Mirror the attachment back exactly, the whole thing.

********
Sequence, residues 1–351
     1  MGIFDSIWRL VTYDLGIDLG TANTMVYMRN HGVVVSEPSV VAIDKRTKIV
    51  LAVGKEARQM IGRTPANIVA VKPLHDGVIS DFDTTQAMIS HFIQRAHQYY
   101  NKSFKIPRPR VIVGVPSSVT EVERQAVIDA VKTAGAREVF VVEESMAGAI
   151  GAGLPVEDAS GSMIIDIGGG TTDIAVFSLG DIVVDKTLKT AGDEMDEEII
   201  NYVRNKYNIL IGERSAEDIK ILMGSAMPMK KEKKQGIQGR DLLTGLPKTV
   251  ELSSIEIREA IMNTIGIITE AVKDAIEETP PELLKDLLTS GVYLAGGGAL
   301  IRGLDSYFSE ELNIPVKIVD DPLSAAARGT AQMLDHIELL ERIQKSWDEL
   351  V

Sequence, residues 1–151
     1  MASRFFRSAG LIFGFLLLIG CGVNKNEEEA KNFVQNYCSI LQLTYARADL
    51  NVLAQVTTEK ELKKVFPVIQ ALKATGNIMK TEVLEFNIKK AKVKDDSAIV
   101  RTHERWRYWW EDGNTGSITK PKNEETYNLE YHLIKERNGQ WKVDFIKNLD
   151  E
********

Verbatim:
Sequence, residues 1–351
     1  MGIFDSIWRL VTYDLGIDLG TANTMVYMRN HGVVVSEPSV VAIDKRTKIV
    51  LAVGKEARQM IGRTPANIVA VKPLHDGVIS DFDTTQAMIS HFIQRAHQYY
   101  NKSFKIPRPR VIVGVPSSVT EVERQAVIDA VKTAGAREVF VVEESMAGAI
   151  GAGLPVEDAS GSMIIDIGGG TTDIAVFSLG DIVVDKTLKT AGDEMDEEII
   201  NYVRNKYNIL IGERSAEDIK ILMGSAMPMK KEKKQGIQGR DLLTGLPKTV
   251  ELSSIEIREA IMNTIGIITE AVKDAIEETP PELLKDLLTS GVYLAGGGAL
   301  IRGLDSYFSE ELNIPVKIVD DPLSAAARGT AQMLDHIELL ERIQKSWDEL
   351  V

Sequence, residues 1–151
     1  MASRFFRSAG LIFGFLLLIG CGVNKNEEEA KNFVQNYCSI LQLTYARADL
    51  NVLAQVTTEK ELKKVFPVIQ ALKATGNIMK TEVLEFNIKK AKVKDDSAIV
   101  RTHERWRYWW EDGNTGSITK PKNEETYNLE YHLIKERNGQ WKVDFIKNLD
   151  E